Back | Programme Area: Identities, Conflict and Cohesion (2000 - 2009)
Natural Gas, Indigenous Mobilization and the Bolivian State
This study examines the relationship between natural gas extraction, state restructuring and political mobilization among indigenous peoples in Bolivia. Natural gas has emerged both as Bolivia’s major source of export revenue and as a source of political tensions involving regional governments, the central state, transnational hydrocarbons firms and indigenous peoples. During the 1990s, the Bolivian government, under President Gonzalo Sánchez de Lozada, passed a series of neoliberal measures designed to attract international investment to gas and oil development, and facilitate hydrocarbons exports. Opposition to the government’s plan to export liquefied natural gas to the United States erupted into violent protest in October 2003, forcing Sánchez de Lozada out of office. Continued protests brought down the subsequent government and led eventually to the election in December 2005 of Evo Morales, Bolivia’s first indigenous campesino president. Protests over the management and distribution of benefits derived from natural gas extraction contributed directly to Morales’ election, and the associated ascendancy of indigenous and campesino social movements as political actors within the state, in contrast to their previous oppositional position external to the state apparatus. In Bolivia, the interests of dominant indigenous groups have become “mainstreamed” in political discourse. But Bolivia’s indigenous population is large and diverse, and divisions remain between the numerous and politically influential Quechua and Aymara peoples of the country’s Andean west, and the numerous, smaller indigenous groups of the eastern lowlands.
As a case study, the paper focuses on the impacts of natural gas operations of the Spanish firm Repsol YPF on the Guaraní community of Cumandaroti, located on the Itika Guasu Tierra Comunitaria de Orígen (TCO/communal lands), in the southern department of Tarija. The Guaraní are Bolivia’s third largest indigenous group, and the largest group in the eastern lowlands. In spite of their relatively strong political organization and close contacts with non-governmental organizations (NGOs), other indigenous organizations and social movements, the Guaraní have borne the brunt of much of the oil and natural gas development in Bolivia. This is exemplified by the case of the Guaraní who live on the massive Margarita gas field in the eastern Tarija department. Residents of Guaraní community of Cumandaroti, located on the Itika Guasu TCO, are affected by fumes, noise and water pollution emanating from gas extraction activities, and their crops and livestock have also been harmed. In spite of international financial institution (IFI) policies that require oil and gas firms to consult with affected indigenous peoples (in accordance with International Labour Organization Convention No. 169 and Bolivian law 1257), Repsol YPF and its subcontractors did not adequately consult with Guaraní community members regarding plans to extract natural gas from their lands. Moreover, it is shown that neither the IFIs nor the Bolivian state exercised adequate oversight authority. This situation has led to several protests by Guaraní residents of the Itika Guasu TCO and the Guaraní Peoples’ Assembly (APG), who have demanded that Repsol YPF pay restitution.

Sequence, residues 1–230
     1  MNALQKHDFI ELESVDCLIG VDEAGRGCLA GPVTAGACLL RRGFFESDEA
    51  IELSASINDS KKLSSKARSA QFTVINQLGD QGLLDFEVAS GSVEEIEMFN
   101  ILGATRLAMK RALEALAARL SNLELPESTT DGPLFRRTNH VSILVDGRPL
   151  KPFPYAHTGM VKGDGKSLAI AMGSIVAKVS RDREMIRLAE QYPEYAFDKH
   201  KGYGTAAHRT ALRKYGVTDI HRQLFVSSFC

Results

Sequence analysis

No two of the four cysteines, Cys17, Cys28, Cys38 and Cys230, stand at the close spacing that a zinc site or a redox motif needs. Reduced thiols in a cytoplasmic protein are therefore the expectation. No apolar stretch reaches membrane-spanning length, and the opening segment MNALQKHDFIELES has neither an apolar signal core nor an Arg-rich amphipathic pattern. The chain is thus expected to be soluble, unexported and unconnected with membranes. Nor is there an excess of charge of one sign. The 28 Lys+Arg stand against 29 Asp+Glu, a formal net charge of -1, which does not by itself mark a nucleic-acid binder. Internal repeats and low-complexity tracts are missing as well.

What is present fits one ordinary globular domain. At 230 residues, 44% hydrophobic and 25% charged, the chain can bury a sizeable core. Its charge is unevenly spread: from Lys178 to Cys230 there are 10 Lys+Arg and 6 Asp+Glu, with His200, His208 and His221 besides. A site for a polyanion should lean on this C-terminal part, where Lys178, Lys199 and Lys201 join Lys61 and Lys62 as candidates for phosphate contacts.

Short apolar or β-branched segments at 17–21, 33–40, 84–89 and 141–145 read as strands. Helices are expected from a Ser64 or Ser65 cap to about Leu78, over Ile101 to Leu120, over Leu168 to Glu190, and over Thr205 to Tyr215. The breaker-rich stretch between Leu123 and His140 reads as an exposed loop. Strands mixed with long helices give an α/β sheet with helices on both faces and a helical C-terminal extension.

Bolivia is, in many ways, a unique case. As a majority indigenous country with a long history of indigenous political mobilization, strong social movements and weak government, its experiences are not easily transferred to other countries. If Bolivia holds lessons for indigenous movements elsewhere, it is more in the way indigeneity has been reconceptualized in the country than as an example to follow. The strength of Evo Morales’ Movement to Socialism (MAS) party lies not in its “authentically” indigenous character, but rather in the very plurality of the way it represents and reworks what it means to be indigenous in Bolivia. Indigeneity, in this sense, serves to articulate ethnicity and class, rural and urban. This recognition points to the multiple ways of being indigenous. The Bolivian case demonstrates the possibility of forming transcendent, coalitional politics that cut across historical regional, ethnic and class-based divides. Such coalitions have played a crucial role in the ability of Bolivian social movements to limit the power of transnational firms to capture profits from gas exploitation, and may provide a powerful model for indigenous peoples elsewhere.
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Pub. Date: 1 Jul 2008
Pub. Place: Geneva